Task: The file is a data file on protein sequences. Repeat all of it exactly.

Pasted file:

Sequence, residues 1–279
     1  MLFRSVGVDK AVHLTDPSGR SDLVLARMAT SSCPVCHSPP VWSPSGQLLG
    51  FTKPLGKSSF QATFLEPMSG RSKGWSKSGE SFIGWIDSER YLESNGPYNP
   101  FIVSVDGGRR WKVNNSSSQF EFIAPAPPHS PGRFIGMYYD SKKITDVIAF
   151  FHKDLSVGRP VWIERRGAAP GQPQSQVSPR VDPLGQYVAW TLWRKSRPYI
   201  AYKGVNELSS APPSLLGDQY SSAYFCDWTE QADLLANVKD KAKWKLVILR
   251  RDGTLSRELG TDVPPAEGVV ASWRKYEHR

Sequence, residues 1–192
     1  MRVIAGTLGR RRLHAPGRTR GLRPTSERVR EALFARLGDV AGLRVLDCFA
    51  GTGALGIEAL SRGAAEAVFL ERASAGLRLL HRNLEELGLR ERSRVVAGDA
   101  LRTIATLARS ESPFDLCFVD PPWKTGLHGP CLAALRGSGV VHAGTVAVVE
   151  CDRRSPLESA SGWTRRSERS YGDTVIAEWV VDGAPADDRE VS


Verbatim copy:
Sequence, residues 1–279
     1  MLFRSVGVDK AVHLTDPSGR SDLVLARMAT SSCPVCHSPP VWSPSGQLLG
    51  FTKPLGKSSF QATFLEPMSG RSKGWSKSGE SFIGWIDSER YLESNGPYNP
   101  FIVSVDGGRR WKVNNSSSQF EFIAPAPPHS PGRFIGMYYD SKKITDVIAF
   151  FHKDLSVGRP VWIERRGAAP GQPQSQVSPR VDPLGQYVAW TLWRKSRPYI
   201  AYKGVNELSS APPSLLGDQY SSAYFCDWTE QADLLANVKD KAKWKLVILR
   251  RDGTLSRELG TDVPPAEGVV ASWRKYEHR

Sequence, residues 1–192
     1  MRVIAGTLGR RRLHAPGRTR GLRPTSERVR EALFARLGDV AGLRVLDCFA
    51  GTGALGIEAL SRGAAEAVFL ERASAGLRLL HRNLEELGLR ERSRVVAGDA
   101  LRTIATLARS ESPFDLCFVD PPWKTGLHGP CLAALRGSGV VHAGTVAVVE
   151  CDRRSPLESA SGWTRRSERS YGDTVIAEWV VDGAPADDRE VS